IPSWICH — The Ipswich River will be glowing with the light of 15 floating bonfires Saturday night.
It’s all part of the annual Ipswich Illuminated festival, which brings the community together for an art show, live music and theater, and an illuminated trail along the river to stroll between events.
“The whole community gets into it so nicely,” said Barta Hathaway, chairwoman of the Ipswich Cultural Committee. “It’s a good family evening. ... There’s a real community feeling, stepping back to that old-fashioned, wholesome sense of community. I love that about the event.”
The Ipswich Cultural Council’s art show opens tomorrow night at Town Hall, 25 Green St. Ipswich Illuminated events run through Saturday afternoon and evening, and the weekend concludes with a brunch and afternoon poetry reading on Sunday.
All of the weekend events are free, and food will be available for purchase.
The festival blossomed out of the Ipswich Cultural Council’s fall art show, which has run for more than 25 years. The weekend comes together through a legion of volunteers, Hathaway said, including kayakers that build the river bonfires.
On Saturday night, folks can walk between the art show at Town Hall to the evening’s other events via an illuminated path along the river. The bonfires will be lit around 6 p.m., Hathaway said.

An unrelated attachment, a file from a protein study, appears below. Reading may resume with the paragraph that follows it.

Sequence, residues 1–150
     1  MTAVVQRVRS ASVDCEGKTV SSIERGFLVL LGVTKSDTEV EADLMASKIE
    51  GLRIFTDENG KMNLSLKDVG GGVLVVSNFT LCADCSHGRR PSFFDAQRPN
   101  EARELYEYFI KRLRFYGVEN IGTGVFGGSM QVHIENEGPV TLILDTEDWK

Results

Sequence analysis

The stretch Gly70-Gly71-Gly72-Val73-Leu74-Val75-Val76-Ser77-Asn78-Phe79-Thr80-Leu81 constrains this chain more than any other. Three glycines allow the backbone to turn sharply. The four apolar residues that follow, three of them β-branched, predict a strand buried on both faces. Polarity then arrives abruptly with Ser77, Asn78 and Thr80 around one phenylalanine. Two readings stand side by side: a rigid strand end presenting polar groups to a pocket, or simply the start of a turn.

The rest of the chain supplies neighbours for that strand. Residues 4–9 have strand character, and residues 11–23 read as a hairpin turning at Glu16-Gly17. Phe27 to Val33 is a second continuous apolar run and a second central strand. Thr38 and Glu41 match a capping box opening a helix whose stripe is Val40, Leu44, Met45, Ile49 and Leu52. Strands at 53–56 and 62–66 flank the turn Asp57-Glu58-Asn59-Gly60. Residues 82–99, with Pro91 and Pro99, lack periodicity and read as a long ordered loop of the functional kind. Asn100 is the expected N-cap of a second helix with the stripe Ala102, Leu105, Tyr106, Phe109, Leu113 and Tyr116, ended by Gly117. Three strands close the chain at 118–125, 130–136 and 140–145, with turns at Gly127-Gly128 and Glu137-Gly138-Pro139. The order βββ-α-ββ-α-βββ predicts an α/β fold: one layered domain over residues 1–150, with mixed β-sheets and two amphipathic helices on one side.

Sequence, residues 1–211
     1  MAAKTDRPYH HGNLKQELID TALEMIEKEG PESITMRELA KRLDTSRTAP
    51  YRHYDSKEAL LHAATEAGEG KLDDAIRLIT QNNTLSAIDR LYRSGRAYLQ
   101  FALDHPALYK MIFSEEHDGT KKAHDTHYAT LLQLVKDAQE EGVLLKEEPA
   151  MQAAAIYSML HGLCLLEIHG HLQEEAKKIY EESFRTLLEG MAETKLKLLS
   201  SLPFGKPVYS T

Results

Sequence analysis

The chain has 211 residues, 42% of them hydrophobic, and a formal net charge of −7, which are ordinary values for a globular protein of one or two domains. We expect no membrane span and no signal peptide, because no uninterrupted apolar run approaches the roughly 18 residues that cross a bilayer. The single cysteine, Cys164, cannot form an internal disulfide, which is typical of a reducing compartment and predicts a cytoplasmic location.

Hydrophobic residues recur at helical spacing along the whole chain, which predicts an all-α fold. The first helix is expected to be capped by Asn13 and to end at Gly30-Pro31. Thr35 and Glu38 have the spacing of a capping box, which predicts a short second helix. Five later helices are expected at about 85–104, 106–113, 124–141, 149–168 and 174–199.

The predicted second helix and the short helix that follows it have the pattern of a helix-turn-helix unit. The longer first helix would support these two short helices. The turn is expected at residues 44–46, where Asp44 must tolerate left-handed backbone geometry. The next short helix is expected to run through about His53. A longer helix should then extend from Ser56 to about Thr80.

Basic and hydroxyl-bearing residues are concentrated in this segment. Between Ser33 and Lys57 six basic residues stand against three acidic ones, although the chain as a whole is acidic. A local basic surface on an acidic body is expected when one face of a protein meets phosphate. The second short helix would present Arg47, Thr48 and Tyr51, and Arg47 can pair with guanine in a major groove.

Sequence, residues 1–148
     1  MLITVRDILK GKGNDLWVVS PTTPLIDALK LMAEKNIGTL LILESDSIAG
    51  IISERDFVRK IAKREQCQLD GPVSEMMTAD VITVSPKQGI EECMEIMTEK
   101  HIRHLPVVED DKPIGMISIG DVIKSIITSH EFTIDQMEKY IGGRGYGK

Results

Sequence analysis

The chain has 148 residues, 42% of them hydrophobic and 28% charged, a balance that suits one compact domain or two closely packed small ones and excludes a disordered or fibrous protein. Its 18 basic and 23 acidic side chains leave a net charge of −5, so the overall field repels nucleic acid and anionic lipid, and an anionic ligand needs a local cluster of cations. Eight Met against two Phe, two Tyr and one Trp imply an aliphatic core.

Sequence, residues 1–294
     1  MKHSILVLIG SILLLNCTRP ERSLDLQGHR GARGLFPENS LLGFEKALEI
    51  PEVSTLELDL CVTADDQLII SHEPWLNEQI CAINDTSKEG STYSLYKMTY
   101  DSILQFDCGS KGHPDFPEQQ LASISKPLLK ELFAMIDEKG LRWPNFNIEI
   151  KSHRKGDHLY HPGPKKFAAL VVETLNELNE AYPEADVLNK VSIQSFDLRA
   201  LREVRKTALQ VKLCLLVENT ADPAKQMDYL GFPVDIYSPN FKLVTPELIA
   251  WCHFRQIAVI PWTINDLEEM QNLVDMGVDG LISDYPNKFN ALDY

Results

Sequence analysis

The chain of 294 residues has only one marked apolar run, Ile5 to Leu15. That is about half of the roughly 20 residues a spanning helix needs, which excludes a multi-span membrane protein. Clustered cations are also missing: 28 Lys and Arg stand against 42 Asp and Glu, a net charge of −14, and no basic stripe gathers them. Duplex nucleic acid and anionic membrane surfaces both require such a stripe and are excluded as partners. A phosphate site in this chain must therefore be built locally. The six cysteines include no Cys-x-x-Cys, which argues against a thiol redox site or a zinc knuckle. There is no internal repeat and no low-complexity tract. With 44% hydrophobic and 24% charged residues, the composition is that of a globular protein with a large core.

Food will be available at Ascension Memorial Church, 31 County St. As in past years, a group of illuminated bicycles (adults and children who have decorated their bikes with lights) will ride throughout downtown.
The living history play “Within These Walls” will be performed at 3:30 and 5:30 p.m. Saturday at 16 Elm St., behind the police station.
The play, written by J.T. Turner of Ipswich, tells the story of five of the families who lived at 16 Elm St. — from the Choate family who built the home in the 1760s to the Scott family who planted a victory garden in the yard during World War II.
“They exemplify how history is written in the ordinary kitchens and parlors,” said Kerri Bates, director of the town’s recreation department and visitor center on Route 1A.
The house that originally stood at 16 Elm St. was moved to the Smithsonian Museum in Washington, D.C., and made into an exhibit. “Within These Walls” is performed in front of a replica of the house, made of painted canvas draped over a wood frame.
This is the third year the play has been performed as part of Ipswich Illuminated. This year, its cast of local actors has been invited to perform the play at the Smithsonian to mark the 50th anniversary of the house being moved to the museum. The play will be performed Aug. 2, 3 and 4 at the Smithsonian Museum of American History, Bates said.
“It’s the largest single item on permanent display at the Smithsonian,” she said.